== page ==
I’ve been watching a lot of The Brain Scoop lately, which of course involves going through her archives, and at one point, a viewer asked her if she still thought there was a place for amateurs in science. Her response was an enthusiastic and delighted ‘YES!’ as she explained that, well, yes. Citizen scientists gather and contribute huge amounts of data to all kinds of research, like studies on birds, bugs, and other migratory beasties; research that scientists could never hope to conduct because it would be too expensive and time consuming to gather the data becomes feasible with the cooperation of a troupe of citizen scientists.
I happen to be a huge fan of citizen science, both because I love science and because I think it’s a fantastic way to get people engaged with science and the natural environment. Many people think of science of an elite, ivory tower sort of thing that doesn’t involve them, and citizen science brings it to their level, shows them how they can be directly involved, and encourages them to think about the ways in which scientific issues actually do affect them.
Take, for example, drift catchers.
In agricultural reasons of the United States, it’s extremely common for large commercial farms to use aircraft to apply pesticides, herbicides, and other chemicals. I have a vivid memory of staying with a friend in Napa once and being warned not to go out into the vineyard too early in the morning because that was when the planes were out, and I didn’t want to get doused in chemicals. Agricultural aircraft do a brisk business zooming back and forth over fields of all manner of crops, covering them in all sorts of things.
Along the way, they significantly endanger workers and passerby, many of whom are not adequately protected. People living near fields that get sprayed may be told there’s no danger, or warned away specifically during spraying but not advised about lingering particulates, drift, and other issues. Wildlife, of course, have no way of comprehending the dangers of being in a field that’s being sprayed, and many of these chemicals can cause severe illness; pets, too, are endangered. Cats, for example, are extremely sensitive to permethrins, a class of insecticides sometimes used to control crop pests.
Agricultural spraying has a large number of intrinsic problems, in other words, but it’s also a problem because when you spray, it doesn’t just remain in stasis exactly where you sprayed. It drifts. There’s no way to control the drift (pilots can take logical steps like not spraying on extremely windy days, of course, but even in relatively still weather, drift happens), and consequently these chemicals can end up on neighbouring fields (including organic crops, which are supposed to be produced without the use of chemicals) as well as in homes, waterways, and natural areas.
Yet, it can be hard to prove that drift is happening, because it requires the sustained and potentially expensive use of air sensors. That means researchers need to go around installing and monitoring sensors, must obtain permission to use them, and may need to combat sabotage and other attempts to undermine their research efforts. Unless, of course, they turn to neighbouring landowners and residents and enlist them as citizen scientists, because they can do whatever they want (within reason) on their land, and that includes setting up an air sensor when they see a plane pass by. There’s absolutely nothing wrong with collecting samples, noting specifics about the circumstances of collection, and sending them in to a researcher who’s tracking pesticide drift.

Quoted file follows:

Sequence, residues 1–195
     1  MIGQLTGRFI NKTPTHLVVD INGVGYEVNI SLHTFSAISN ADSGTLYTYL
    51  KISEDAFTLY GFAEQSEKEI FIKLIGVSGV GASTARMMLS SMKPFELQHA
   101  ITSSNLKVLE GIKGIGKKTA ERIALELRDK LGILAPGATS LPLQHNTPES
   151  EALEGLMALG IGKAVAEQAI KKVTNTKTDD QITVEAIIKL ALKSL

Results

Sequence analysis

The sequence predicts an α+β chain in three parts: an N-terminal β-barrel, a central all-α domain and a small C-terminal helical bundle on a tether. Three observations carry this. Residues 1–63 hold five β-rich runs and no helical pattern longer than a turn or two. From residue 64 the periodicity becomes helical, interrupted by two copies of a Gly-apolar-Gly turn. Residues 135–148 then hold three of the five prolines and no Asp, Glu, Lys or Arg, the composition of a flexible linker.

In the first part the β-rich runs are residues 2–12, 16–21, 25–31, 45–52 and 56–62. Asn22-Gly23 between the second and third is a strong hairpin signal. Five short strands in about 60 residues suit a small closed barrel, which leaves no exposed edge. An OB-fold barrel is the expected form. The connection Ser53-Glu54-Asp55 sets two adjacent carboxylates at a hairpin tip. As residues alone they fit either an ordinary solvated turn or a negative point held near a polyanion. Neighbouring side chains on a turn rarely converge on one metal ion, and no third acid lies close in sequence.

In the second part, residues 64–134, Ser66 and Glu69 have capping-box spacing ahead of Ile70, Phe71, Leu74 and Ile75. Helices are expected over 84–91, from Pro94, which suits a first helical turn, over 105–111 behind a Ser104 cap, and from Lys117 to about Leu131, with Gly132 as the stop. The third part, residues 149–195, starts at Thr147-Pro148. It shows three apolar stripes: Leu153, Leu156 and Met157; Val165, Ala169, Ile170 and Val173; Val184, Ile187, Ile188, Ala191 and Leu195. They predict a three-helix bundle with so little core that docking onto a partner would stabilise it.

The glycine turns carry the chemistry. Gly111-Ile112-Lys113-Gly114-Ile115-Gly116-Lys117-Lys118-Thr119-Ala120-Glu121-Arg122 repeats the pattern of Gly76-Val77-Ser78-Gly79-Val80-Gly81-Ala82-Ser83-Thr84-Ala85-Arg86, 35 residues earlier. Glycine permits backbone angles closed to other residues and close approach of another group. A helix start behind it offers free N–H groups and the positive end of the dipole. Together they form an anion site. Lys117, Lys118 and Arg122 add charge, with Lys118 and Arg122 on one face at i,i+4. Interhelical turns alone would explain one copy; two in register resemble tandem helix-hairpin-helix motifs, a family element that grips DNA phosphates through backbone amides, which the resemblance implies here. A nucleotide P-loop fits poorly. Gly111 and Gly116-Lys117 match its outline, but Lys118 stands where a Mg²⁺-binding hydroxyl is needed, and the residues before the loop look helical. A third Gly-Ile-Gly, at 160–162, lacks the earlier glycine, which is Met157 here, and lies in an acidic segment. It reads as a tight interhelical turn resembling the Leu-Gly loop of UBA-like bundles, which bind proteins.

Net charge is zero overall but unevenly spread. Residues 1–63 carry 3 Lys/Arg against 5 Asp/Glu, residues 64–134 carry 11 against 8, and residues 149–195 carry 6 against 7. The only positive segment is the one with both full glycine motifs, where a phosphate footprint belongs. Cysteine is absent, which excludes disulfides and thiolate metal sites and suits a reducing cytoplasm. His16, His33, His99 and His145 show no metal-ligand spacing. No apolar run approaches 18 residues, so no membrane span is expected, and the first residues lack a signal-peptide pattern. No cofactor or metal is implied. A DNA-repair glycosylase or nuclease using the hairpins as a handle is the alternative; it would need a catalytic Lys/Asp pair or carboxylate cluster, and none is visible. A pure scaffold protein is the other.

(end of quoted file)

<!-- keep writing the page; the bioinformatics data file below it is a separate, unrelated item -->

Drift catching is now in practice in several states, with farmers all over the place sending in their data for analysis. They take air samples when they see aircraft spraying and for several days afterwards, allowing researchers to track the presence of toxins in the air not only during application, but also when these chemicals volatalise in response to heat, UV exposure, and rain or irrigation over the following days. The results can allow farmers to show their neighbours what they’re doing, and they also create more momentum for the drift-catching movement—and for the push to better regulate the use of agricultural aircraft, as it is painfully clear that sprayed applications don’t stay neatly within the boundaries of their fields.
For farmers, there aren’t a lot of options when it comes to fighting drift. While they can register their boundaries with authorities, pilots don’t always check, and if drift occurs, the crop is already damaged by the time farmers file a complaint about it. State officials may take days to respond to complaints, at which point chemicals may have dissipated, and a farmer can no longer prove that crop damage was caused by drift; which means that the farmer has no means of getting compensation from the parties responsible for the spraying. For organic farmers in particular, drift is a huge issue, because contaminated crops violate organic standards and can’t be marketed as organic; contaminated land may also need to be cleaned before a farm can retain organic certification. In addition, many organic crops are sensitive to industrial herbicides designed for use on ‘Roundup ready’ crops.
Now that sprayers are being watched, will they be less cavalier? We’re seeing a radical change in agriculture as farmers and industrial agricultural companies are finally coming to understand that weeds and pests will always be able to stay one step ahead of them, and thus that the solution to these problems may lie not in liberal applications of chemicals, but in more organic, natural practices that aim to outsmart the enemy, rather than trying to outrun it.